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Geologists Discover Water Cuts Through Rock At Surprising Speed

Re: The Grand Canyon: "An article in the September 30, 2000 issue of Science News has shown that carving this beloved hole in the ground may not have been such a long-term project after all (Perkins, 2000).

Prior to the 1930s, geologists proposed that the Grand Canyon was about “40 million years old” (p. 218). However, evidence now has come to light that indicates a much younger canyon.

Research presented at a June 1999 conference devoted to the origin of the gorge suggests that substantial portions of the eastern Grand Canyon have been eroded only within the past million years. And so, as quickly as ink dries on paper, geologists cut 39 million years off the age of the Grand Canyon, (a reduction of 97.5%)and dropped its age to 1/40 of their previous estimates." ....Apologetics Press

Slowly but surely, geologists are coming to the conclusion that the Grand Canyon and other gorges were formed in an extremely short period of time which supports the "flood model" rather than the millions/billions of years gradualism model.

National Science Foundation
July 2004

Susquehanna River, by Thomas Doughty. Click and drag photo to resize.

Arlington, Va. -- In the first study to directly measure when and how quickly rivers outside of growing mountain ranges cut through rock, geologists at the University of Vermont have determined that it was about 35,000 years ago that the Susquehanna and Potomac rivers, respectively, began carving out the Great Falls of the Potomac and Holtwood Gorge.

Great Falls, located about 15 miles outside of Washington, D.C., hosts hundreds of thousands of visitors each year; Holtwood Gorge lies along the Susquehanna River, near Harrisburg, Penn.

As reported in the July 23 issue of the journal Science, the geologists analyzed rock samples collected from the gorges for 10-beryllium, a very rare isotope that is produced when cosmic rays collide with rocks and sediments at the Earth's surface.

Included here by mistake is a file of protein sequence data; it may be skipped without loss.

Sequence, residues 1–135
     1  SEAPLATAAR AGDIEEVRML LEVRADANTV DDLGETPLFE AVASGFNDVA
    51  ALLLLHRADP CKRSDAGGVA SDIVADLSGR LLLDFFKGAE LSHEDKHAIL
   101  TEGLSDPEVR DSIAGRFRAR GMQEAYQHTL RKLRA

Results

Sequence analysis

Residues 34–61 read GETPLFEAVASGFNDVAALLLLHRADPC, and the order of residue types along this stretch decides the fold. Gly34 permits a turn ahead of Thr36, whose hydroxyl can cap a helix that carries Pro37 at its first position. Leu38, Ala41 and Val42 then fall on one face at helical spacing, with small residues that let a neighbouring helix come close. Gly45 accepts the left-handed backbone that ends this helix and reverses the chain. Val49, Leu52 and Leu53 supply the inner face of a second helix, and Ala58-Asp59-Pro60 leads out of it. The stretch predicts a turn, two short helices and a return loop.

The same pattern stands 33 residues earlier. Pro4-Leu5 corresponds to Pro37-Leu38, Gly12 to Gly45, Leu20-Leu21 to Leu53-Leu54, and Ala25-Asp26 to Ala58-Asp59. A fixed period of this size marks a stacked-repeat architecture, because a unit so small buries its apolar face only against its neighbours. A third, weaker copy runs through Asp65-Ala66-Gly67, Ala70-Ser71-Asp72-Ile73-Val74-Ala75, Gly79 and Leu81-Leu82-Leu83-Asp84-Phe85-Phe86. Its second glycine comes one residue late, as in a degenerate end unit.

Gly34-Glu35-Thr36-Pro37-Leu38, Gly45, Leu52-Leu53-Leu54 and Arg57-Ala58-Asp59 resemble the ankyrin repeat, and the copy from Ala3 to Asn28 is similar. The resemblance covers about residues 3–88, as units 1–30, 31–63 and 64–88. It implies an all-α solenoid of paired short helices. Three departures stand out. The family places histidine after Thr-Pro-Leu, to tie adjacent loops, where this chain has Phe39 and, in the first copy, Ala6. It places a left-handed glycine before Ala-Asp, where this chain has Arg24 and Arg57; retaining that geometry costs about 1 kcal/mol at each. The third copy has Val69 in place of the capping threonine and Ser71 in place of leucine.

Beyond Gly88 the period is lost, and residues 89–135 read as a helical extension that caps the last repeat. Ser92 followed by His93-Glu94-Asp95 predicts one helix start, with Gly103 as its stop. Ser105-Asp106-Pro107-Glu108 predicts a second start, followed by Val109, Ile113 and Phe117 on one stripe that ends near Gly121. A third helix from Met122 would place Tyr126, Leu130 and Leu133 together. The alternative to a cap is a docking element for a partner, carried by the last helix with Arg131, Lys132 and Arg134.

These analyses helped them gauge when the rivers abandoned their ancient beds and, consequently, exposed bare rock surfaces, known as terraces, where people climb and hike today.

Knowing the age of each river terrace and its height above its current river bed, they were able to calculate how quickly the rivers cut through bedrock.

Their conclusions: Incision of the 10- to 20-meter-deep gorges happened at a rate far more rapid than previously thought and was prompted more by regional climate changes tied to the last ice age than by water pouring from melting glacial ice.

"The period of incision we measured correlates with a period of cold and stormy climate during the last glacial period that is also recorded in ice cores drilled into the Greenland ice sheet," said Luke Reusser, a geologist at the University of Vermont and lead author of "Rapid Late Pleistocene Incision of Atlantic Passive-Margin River Gorges."

Grand Canyon Gorge. Source: FlowerFamily Click and drag photo to resize.

"Because bedrock is hard and resistant to erosion, most incision within rivers running over rock occurs during extremely large flood events," Reusser explained.

"Changing climate, capable of increasing the number and severity of floods, appears to have sped up the rate of incision along both rivers about 35,000 years ago."

The five-year project is unique because it used many samples closely spaced to understand the spatial patterning of how and when the rivers cut into rock, according to Paul Bierman, also a geologist at the University of Vermont and co-author of the Science paper.

"Without such detail, we never would have been able to detect the link with climate, nor would we know that Great Falls, probably the most visited stretch of the Potomac, has existed there for nearly 30,000 years," Bierman said.

His group continues to take samples from the area and is completing a second paper on the Susquehanna sites.

"Scientifically, these are the first data that tell us how quickly rivers of the eastern seaboard cut into rock," said Enriqueta Barrera, director of the Geology and Paleontology Program, Division of Earth Sciences at the National Science Foundation (NSF). NSF and the U.S. Geological Survey funded the research.

"The Potomac and Susquehanna have shown they can cut nearly a meter of solid rock every thousand years, she said. "Pretty impressive for old rivers."

"There are gorges all over the world that are undated," Bierman said. "We want to work next on other East Coast rivers and streams to see how similar their histories are to the two major rivers sampled so far, the Susquehanna and Potomac."